The village of Lüneberg, situated at 27°19′1″S30°36′57″E / 27.31694°S 30.61583°E / -27.31694; 30.61583 in the disputed territories to the north of Zululand, had been laagered by its white settlers ever since the Anglo-Zulu War had begun. The Zulus posed a serious threat to the area (as indicated by a vicious night attack on the area on the night of 10th/11 February). Fearing a repeat of the attack, the British dispatched four companies of the 80th Regiment under Major Charles Tucker to garrison Lüneberg.
In late February 1879, a convoy of eighteen wagons carrying 90,000 rounds of ammunition and other supplies was sent from Lydenburg to re-supply the garrison, and from the Transvaal border was escorted by a single company. By 5 March, the convoy was still 8 miles from Lüneberg, having been hampered by rains which caused the rivers to swell and the ground to soften. Fearing a Zulu attack, Major Tucker sent an order for the company commander to reach Lüneberg that night 'at any cost'. The company commander took this literally and abandoned the wagons and proceeded on.
The escort had succeeded in having six wagons reach the opposite bank of the Intombe, four miles from Lüneberg. Six other wagons were three miles further back.
On 6 March, a party dispatched by Tucker only succeeded in pulling free a wagon which was trapped in a drift, returning to the town that night.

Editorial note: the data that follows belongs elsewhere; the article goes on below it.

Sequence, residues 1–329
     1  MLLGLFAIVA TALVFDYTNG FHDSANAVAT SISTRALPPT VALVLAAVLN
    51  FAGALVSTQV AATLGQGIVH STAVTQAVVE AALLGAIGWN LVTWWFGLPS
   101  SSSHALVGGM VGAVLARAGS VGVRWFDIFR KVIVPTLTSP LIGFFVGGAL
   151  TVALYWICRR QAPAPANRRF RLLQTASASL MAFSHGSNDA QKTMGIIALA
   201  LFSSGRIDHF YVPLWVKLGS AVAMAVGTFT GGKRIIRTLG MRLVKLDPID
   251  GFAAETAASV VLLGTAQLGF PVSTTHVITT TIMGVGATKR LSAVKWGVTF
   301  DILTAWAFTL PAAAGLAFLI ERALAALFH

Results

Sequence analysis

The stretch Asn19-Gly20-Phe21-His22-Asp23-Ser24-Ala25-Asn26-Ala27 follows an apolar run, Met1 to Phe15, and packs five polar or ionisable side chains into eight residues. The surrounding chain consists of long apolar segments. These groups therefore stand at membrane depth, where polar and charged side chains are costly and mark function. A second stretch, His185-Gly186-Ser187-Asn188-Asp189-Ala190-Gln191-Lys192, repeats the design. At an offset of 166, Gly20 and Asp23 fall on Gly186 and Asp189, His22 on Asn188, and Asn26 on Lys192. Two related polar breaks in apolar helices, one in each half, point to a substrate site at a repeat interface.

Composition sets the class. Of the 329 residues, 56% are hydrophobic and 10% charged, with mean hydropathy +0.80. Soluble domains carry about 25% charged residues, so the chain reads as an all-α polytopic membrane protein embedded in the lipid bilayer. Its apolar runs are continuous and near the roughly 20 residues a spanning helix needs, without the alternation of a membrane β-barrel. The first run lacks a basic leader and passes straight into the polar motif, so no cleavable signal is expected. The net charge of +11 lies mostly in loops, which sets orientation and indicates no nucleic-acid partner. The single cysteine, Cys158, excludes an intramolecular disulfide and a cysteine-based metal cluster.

On 7 March, Tucker dispatched Captain David Moriarty with a hundred men to gather together all the wagons and laager them on the bank of the Intombe, and then gave orders for them to wait until the river went down.
On 11 March, Tucker inspected the laager at the river but found it to be poorly constructed, not being impressed with the inverted 'V' shape in that the wagons were arranged, with the base at the river. The river however, had gone down and there was a gap of several yards between the base and the river. Other flaws in the arrangement were viewed by Tucker as affording no 'protection whatever in the event of the Zulus attacking in numbers'. Furthermore, the garrison was weakened by being divided by a river with thirty of its number laagered on the other bank.
On the night of 11 March 1879, two sentries were stationed 20 yards from the laager, however their vision range was only 50 yards due to a rise to their front.
At 3.30 am on 12 March, a shot was heard close to the camp, however the men returned to their beds after Moriarty decided that it was nothing.
An hour and a half later, a sentry on the far bank saw to his horror, through a clearing in the mist, a huge mass of Zulus advancing silently on the camp. 'He at once fired his rifle and gave the alarm,' Tucker recorded. 'The sentries on the other side did the same. Of course the men were up in a moment, some men sleeping under the wagons and some in the tents; but before the men were in their positions the Zulus had fired a volley, thrown down their guns... and were around the wagons and on top of them, and even inside with the cattle, almost instantly. So quickly did they come, there was really no defence on the part of our men; it was simply each man fighting for his life, and in a few minutes all was over, our men being simply slaughtered.'